Incredible views of the mountains, Ogden and several counties.
About 10 miles round trip
None, if you hike it outside of ski season operating hours.
There are several streams and creeks you may come across. Bring 3 liters of water
Open year round
Shade is minimal
Excellent trail; steep in several locations but overall a gradual incline.
At the ski resort lodge (if open).
Snowbasin is open in the spring/summer/fall at sporadic times according to events and other activities.
Only on Forest Service Land not leased by Snowbasin Resort.
Bring lots of snacks and even a meal
Backpack, good hiking shoes, walking stick, sunglasses and hat, jacket.
This Trek begins at Snowbasin Ski Resort. There are other ways to get to Mt. Ogden but I think this may be the simplest.
Trailhead: 41.216479°, -111.856547°
Mt. Ogden: 41.200022°, -111.882255°
I started about 11am on a Tuesday morning from the Snowbasin parking lot. I really had no idea which trail I was going to take as there are so many different trails and roads to use to get to the top. I simply took a picture of the trails map that is near the gondola lift and started up.
The first thing to remember about this hike is that it is LONG! I wasn’t expecting an almost 5 mile hike to the summit from the parking lot but after about 2 1/2 hours of hiking I realized that I was still about a mile away from the top.
I recommend hiking this in the fall. The fall colors make this hike even better as you are walking among tall aspens changing colors. Plus the weather is cooler and I only brought a wind breaker which was sufficient for an unusually warm fall day.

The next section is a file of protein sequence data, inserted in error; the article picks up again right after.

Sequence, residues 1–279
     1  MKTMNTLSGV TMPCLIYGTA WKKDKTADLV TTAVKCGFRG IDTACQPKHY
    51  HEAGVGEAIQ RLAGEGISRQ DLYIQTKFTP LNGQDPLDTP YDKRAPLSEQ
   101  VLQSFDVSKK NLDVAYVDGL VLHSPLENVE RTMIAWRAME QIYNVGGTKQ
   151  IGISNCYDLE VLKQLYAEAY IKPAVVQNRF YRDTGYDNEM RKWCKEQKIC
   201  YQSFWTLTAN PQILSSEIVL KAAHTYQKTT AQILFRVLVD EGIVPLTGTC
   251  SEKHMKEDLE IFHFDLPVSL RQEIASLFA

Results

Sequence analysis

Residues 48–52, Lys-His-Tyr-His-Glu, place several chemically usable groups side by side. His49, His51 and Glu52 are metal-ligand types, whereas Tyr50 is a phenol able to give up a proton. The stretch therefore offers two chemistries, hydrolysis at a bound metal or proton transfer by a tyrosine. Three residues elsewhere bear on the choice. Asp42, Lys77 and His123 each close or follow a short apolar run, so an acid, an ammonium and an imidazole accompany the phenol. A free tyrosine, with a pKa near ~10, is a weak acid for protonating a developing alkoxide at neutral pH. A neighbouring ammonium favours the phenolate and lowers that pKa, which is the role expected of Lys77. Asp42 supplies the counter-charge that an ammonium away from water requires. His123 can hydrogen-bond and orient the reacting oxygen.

Like I mentioned before, there are many routes to the top but I decided to mainly stick to the Needles trail which eventually met up with the Porcupine trail which eventually met up with an access road to the summit. Just use your best judgement and always travel towards Mt. Ogden; be patient and you will eventually get there. The trick is to make a steady pace and take breaks often. Always make sure you are drinking enough water too!
I was very surprised because I didn’t see any one else on the entire trail except for a few maintenance workers checking out a lift. Other than that there were no other hikers or bikers that I could see. It was actually nice to have the whole resort to myself.
I eventually came to just below Mt. Ogden with Needles Lodge on the ridge to the right and a zig-zag trail on the left side of the mountain. I followed the path to the left and slowly made my way to the top. Along the way, I found several mule dear that were watching me but by the time I got my camera out they had already bolted up the mountainside.
Just below the summit there are a few propane tanks with a geocache on the west side of them. I checked it out and found that the cache was full of coupons for a retail store located in Ogden.
I continued the several hundred steep yards to the summit and checked out the antennas and other communications equipment. There is also a helipad on the other side too. I didn’t want to get too close to it all as there were multiple signs warning of “No Trespassing” and even a few cameras that were watching my every move.
I simply enjoyed the incredible views, got some nice photos, had lunch and then came back down. It was a great hike!
I followed the same trail back to the bottom.
This hike was a great hike but it was very long. Once at the top of Mt. Ogden, and after checking my GPS, I was surprised that I had climbed over 3000 vertical feet! I could see into Tooele, Davis County, Salt Lake County and I could have sworn I saw the white capped mountains of the Uintahs! Such an incredible hike!